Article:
Clinical-trial regulation has been discussed as one of the key areas the UK should reform post-Brexit, to enable it to bring new treatments to patients faster. Particularly so following the pandemic, which saw greatly accelerated clinical delivery of life-saving vaccines. Indeed, one common claim is that leaving the European Union (EU) enabled the UK to move quicker on the vaccine rollout than our European counterparts. While this has been widely debunked, the spirit of this idea is right, even if its premise is wrong.
The case to bring effective, affordable and safe new treatments to patients at an accelerated pace, from both public health and economic perspectives, is inarguable. And the UK will be able to move with greater speed and agility from a regulatory standpoint post-Brexit. But this shift must be delivered strategically to avoid creating divergence for the sake of it, which could risk leaving the UK cut off from global research.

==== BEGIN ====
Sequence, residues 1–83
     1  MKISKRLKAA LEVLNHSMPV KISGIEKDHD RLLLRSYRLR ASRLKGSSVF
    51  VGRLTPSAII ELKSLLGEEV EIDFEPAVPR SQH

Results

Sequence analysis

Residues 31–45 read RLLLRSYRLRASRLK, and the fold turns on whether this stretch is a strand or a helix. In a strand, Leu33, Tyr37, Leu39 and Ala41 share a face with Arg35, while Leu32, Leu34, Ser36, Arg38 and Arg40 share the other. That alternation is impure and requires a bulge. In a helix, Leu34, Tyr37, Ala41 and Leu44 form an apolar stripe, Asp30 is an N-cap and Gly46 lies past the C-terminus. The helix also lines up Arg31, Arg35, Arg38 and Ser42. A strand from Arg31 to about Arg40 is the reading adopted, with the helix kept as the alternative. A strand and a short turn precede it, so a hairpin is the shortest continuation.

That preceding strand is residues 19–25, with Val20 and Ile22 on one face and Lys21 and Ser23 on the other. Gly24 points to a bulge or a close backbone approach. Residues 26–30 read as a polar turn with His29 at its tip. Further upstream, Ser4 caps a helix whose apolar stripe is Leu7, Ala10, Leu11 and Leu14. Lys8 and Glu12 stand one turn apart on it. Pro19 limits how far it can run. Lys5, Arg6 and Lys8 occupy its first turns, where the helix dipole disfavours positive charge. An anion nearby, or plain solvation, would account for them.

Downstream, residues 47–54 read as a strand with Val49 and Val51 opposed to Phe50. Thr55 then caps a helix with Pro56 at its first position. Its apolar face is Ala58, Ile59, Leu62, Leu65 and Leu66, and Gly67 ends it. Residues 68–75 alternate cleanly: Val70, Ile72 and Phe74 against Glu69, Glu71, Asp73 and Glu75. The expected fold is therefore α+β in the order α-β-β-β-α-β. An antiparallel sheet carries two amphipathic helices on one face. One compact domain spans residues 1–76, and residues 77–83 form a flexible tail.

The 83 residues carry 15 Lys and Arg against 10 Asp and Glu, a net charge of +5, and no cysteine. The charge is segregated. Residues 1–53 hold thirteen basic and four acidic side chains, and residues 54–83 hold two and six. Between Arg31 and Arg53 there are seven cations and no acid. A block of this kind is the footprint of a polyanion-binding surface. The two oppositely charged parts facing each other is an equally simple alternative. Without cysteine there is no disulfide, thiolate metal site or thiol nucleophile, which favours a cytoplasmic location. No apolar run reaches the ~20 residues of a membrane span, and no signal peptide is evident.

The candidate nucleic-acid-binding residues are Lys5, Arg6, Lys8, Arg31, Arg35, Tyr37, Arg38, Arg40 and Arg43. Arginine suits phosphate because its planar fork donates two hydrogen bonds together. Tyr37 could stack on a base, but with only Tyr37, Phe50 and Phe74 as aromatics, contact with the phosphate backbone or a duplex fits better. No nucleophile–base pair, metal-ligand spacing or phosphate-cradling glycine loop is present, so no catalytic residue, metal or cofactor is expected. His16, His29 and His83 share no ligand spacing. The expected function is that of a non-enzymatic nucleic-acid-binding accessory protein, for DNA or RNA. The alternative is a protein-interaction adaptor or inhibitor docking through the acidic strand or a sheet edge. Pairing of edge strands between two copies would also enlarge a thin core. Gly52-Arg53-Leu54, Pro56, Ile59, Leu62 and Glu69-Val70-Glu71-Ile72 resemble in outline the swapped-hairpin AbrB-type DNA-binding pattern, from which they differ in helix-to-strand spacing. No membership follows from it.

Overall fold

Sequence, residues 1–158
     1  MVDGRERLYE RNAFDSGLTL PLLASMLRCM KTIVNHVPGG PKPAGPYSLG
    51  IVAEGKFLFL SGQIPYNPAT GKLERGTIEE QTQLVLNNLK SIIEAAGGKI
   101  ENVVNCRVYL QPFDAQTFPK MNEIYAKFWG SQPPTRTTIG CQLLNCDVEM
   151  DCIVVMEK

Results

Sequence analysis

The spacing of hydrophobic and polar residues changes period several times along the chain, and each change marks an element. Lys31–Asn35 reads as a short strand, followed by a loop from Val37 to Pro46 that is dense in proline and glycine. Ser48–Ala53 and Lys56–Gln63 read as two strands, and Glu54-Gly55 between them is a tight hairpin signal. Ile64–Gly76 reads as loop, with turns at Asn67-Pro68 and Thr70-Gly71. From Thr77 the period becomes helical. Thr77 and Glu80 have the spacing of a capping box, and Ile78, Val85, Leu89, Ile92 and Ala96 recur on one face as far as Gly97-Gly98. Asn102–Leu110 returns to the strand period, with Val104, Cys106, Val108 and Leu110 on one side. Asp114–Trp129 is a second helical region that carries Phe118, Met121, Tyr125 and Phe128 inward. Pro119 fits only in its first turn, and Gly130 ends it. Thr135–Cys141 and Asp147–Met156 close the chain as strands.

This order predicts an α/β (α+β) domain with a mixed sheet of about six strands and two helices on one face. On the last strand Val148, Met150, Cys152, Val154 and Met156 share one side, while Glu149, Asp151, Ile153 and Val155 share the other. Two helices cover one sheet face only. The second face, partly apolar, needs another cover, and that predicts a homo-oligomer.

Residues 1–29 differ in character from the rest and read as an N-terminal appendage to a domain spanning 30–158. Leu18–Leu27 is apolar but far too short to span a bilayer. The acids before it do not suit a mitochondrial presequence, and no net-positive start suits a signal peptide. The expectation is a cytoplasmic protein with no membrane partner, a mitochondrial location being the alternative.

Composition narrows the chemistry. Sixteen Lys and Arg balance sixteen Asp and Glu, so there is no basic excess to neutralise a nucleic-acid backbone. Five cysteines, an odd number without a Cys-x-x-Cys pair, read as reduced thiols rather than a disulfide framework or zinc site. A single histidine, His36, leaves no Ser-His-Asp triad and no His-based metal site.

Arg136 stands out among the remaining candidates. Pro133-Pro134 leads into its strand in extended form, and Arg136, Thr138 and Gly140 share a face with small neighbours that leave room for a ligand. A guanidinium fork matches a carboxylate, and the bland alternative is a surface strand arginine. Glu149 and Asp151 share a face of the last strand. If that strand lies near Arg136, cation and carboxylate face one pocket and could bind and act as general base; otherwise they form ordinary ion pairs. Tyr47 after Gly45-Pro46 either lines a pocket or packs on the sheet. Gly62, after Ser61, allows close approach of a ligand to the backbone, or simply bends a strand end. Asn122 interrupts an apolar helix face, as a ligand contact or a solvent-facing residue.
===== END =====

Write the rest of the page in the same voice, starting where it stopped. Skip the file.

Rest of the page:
Moreover, there are fundamental structural issues that the government must fix in order to realise this ambition. Solving workforce-capacity and data-privacy issues, developing new commercial models and delivering technological infrastructure across the health service will be equally as important as looking at regulatory reforms.
With its world-class academic institutions, flourishing life-sciences industry and universal health-care system, the UK is uniquely positioned to become the global leader in digital and data-driven clinical trials and to spearhead global efforts to eliminate preventable diseases. This should be a vital focus for Britain’s future post-Brexit, and can serve as an important example of what it can still achieve and what its new role in the world can look like. But new technologies, new regulatory opportunities and a sense of urgency following the pandemic must be seized upon. The government must embrace these opportunities.